Virtual tour of Hart Island circa 1954 presented by NYCHS
Aerial photo has been 'mapped" into 6 sections. Click a section to access its linked close-up view.

top section near top section left near top section right middle section near bottom section bottom section
[Aerial image appears atop Page 50 of NYC DOC's 1954 annual report digest with the following caption information: ]
Aerial view of the Workhouse of the City of New York at Hart Island. Photo by Aviation Bureau Police Dept., N.Y.

[Headings & text below are from Pages 50 & 51. Images below & their captions are added for information & web design purposes.]
The above image is derived from a scan of the NYC DOC 1954 annual report digest.

Hart Island, consisting of approximately 100 acres, is located at the foot of Fordham Street in Bronx County, east of City Island and at the northern point of Long Island Sound.

In 1868 the island contained some old buildings used for the detention of incorrigible children.

Some years later this project was abandoned and the institution was converted into an asylum for the insane.

Above: a reduced image of a scan of Page 50 in the NYC DOC 1954 annual report digest.
Since April 20, 1869, the City of New York has maintained a burial ground here, known as Potters Field, for unknown and unclaimed persons. Workhouse inmates provide the labor service required for this project.

In 1895 the Department of Correction acquired the Hart Island institution and established a Branch Workhouse for aged men, drug addicts whose general health had been impaired, prisoners who had undergone surgical operations and others who were serving short terms.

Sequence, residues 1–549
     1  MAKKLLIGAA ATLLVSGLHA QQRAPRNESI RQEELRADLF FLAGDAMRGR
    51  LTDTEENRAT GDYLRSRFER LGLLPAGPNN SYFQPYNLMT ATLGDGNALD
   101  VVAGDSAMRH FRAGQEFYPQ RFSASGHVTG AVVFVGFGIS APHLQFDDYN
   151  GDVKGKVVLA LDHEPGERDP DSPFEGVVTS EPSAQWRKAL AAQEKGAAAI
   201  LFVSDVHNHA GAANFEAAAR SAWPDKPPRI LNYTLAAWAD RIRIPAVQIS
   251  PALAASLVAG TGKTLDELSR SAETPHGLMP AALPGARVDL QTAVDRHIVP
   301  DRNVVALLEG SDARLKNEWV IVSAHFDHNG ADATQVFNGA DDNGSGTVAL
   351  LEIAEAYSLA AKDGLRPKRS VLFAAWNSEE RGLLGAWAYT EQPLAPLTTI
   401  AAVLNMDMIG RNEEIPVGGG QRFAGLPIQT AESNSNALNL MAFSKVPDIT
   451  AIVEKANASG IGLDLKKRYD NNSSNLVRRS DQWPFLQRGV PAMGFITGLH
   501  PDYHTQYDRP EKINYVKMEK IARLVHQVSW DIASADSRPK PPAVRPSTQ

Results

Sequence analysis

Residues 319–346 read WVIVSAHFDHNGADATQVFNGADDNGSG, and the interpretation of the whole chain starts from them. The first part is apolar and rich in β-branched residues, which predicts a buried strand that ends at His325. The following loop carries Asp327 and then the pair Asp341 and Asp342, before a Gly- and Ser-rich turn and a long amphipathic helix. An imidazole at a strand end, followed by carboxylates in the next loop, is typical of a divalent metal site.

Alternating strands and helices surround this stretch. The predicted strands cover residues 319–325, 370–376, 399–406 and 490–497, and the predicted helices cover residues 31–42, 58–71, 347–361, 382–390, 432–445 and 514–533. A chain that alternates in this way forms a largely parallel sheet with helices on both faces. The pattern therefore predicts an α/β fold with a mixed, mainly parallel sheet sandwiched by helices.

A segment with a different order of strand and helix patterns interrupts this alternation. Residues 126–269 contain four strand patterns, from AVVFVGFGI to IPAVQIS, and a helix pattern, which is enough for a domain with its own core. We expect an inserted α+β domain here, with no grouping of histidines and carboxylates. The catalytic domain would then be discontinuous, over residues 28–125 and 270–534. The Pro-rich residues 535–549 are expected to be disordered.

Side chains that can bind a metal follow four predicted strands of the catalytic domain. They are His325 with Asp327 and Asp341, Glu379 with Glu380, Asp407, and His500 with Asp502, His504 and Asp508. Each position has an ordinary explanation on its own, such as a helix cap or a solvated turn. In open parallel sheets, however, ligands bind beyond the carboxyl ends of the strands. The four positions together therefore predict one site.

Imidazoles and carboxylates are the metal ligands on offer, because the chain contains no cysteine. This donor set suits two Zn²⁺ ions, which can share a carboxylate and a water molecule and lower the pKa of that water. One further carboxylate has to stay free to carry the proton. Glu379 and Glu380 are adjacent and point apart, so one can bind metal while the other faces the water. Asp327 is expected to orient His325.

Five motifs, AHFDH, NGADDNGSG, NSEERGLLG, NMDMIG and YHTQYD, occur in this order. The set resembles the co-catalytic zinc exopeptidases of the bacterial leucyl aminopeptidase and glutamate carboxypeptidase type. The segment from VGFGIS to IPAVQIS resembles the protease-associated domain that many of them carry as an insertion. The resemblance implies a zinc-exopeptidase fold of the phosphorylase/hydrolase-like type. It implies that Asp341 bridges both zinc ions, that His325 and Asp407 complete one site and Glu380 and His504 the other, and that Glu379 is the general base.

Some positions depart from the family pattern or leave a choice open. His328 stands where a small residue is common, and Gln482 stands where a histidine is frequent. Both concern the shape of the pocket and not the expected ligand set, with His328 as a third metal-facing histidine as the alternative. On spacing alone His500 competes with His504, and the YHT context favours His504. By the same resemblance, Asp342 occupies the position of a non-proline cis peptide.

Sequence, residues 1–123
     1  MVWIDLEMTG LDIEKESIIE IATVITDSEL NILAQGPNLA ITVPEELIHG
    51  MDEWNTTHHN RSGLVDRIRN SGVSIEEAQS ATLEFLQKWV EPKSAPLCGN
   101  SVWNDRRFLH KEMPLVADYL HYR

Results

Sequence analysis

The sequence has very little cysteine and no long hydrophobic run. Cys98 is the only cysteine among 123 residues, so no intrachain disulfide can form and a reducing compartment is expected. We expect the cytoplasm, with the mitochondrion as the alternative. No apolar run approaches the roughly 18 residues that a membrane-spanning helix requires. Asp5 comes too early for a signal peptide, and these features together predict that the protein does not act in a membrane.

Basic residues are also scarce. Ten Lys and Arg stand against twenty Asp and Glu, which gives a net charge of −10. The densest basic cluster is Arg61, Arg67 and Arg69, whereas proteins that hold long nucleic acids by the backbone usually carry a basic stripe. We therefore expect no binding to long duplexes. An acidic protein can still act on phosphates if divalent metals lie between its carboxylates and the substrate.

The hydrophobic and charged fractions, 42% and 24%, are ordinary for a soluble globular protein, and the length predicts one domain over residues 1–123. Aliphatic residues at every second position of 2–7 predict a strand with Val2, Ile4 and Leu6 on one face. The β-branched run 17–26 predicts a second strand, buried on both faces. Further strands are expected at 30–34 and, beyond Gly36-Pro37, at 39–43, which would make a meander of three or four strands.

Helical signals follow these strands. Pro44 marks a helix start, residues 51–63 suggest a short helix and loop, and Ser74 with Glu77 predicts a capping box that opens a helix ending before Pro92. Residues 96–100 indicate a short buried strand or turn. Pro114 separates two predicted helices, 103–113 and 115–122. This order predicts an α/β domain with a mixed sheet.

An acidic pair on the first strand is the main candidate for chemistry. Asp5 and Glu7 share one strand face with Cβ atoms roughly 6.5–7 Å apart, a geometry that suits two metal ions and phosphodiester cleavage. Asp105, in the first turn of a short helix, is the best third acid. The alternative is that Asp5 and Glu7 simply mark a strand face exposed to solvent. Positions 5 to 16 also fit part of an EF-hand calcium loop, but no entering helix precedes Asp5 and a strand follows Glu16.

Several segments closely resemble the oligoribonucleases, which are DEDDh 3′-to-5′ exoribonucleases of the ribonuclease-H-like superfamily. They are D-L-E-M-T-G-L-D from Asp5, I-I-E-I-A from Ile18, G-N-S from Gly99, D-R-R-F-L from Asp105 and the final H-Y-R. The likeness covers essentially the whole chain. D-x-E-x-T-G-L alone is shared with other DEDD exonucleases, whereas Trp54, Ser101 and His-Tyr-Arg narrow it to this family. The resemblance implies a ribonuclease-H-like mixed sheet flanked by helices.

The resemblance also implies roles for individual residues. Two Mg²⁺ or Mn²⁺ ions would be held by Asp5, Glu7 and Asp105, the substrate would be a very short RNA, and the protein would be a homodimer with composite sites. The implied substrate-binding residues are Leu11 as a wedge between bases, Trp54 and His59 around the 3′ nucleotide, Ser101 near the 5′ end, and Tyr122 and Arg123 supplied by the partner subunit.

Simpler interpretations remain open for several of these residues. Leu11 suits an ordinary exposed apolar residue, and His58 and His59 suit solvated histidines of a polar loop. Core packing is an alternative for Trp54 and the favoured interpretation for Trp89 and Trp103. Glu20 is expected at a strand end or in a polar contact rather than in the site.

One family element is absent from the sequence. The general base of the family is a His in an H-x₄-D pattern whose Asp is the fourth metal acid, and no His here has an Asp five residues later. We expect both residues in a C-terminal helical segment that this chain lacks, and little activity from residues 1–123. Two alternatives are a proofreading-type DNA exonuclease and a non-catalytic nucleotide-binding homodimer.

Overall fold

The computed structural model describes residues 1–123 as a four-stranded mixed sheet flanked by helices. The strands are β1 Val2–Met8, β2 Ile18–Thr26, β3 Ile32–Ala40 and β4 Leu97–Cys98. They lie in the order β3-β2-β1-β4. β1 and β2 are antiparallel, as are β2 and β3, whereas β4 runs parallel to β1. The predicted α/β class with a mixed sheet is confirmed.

In 1905 the Department also established a reformatory at Hart Island for young offenders known as a “Reformatory for Misdemeanants.”*

The housing and commingling of both adults and young offenders resulted in a complete lack of segregation and treatment programs for the adolescents.

This situation was rectified on March 8, 1914, when the first transfer was made of the adolescent group from Hart Island to New Hampton Reformatory.

The NYC DOC 1954 annual report transmitted by Anna M. Kross to Mayor Ronert F. Wagner on Jan. 1, 1955, covered her first full year as Correction Commisioner.
In 1947, the Department of Correction decided that, in view of its low inmate census, Workhouse accommodations could be provided on Rikers Island.

This necessitated the unsound policy of commingling Workhouse and Penitentiary inmates.

Upon this Department's recommendation, the Board of Estimate adopted a Resolution on February 23, 1950. authorizing the release of Hart Island to the Department of Welfare to be used for a rehabilitation center for homeless men.